A 'Strange' Antitrust Case Against Google?
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37 attorneys general are suing Google in an antitrust case over how it runs the Google Play store on Android. There’s no question that Google Play is powerful; it’s the biggest app store in the world. The puzzling part about this is how government lawyers have chosen to make their case.
Nearly everything about the way Google has built its business is designed to fend off traditional antitrust scrutiny. Google Search is free for consumers to use. Google Play is ubiquitous on Android, but it’s not the only app store option; consumers can load another app store or download apps directly from the developer.
All of this is true — and completely misses the point.
Google has maintained control over Android by forcing device makers to include its suite of apps. If they don’t, they don’t get the latest features and security updates. Device makers can’t pay for the OS and go their own way with app stores, preloaded apps and payment systems. It’s a package deal. Because Google has packaged these things together so conveniently (for Google), it can argue that it has created a system of free choice — while any choice other than Google’s default is grueling and expensive.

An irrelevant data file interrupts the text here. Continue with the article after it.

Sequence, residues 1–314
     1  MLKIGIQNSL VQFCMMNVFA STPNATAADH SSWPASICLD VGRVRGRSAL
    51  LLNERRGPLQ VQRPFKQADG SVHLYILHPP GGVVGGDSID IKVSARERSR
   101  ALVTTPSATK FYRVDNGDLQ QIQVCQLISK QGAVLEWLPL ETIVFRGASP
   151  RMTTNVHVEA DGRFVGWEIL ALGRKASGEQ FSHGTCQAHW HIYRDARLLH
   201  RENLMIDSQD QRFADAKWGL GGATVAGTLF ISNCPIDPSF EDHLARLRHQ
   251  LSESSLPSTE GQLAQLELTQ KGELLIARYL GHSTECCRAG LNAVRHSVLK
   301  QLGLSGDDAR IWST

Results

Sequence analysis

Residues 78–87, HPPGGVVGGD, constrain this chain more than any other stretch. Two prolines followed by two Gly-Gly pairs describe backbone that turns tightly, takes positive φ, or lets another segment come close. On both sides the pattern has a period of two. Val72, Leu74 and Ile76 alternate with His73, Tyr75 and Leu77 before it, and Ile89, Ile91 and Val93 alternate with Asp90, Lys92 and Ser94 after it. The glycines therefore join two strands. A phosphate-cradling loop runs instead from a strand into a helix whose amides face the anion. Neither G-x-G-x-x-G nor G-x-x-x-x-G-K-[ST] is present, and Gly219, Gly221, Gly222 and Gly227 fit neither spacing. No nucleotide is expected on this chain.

By centering these cases on consumers rather than Google’s partners (device makers) and customers (ad buyers), the state AGs have set themselves up for a really challenging case. As Google puts it:
So it’s strange that a group of state attorneys general chose to file a lawsuit attacking a system that provides more openness and choice than others.
I agree that it’s a strange attack. But not for the reasons Google thinks it’s strange.
While you were sleeping …
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In the broader world …
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On the horizon …
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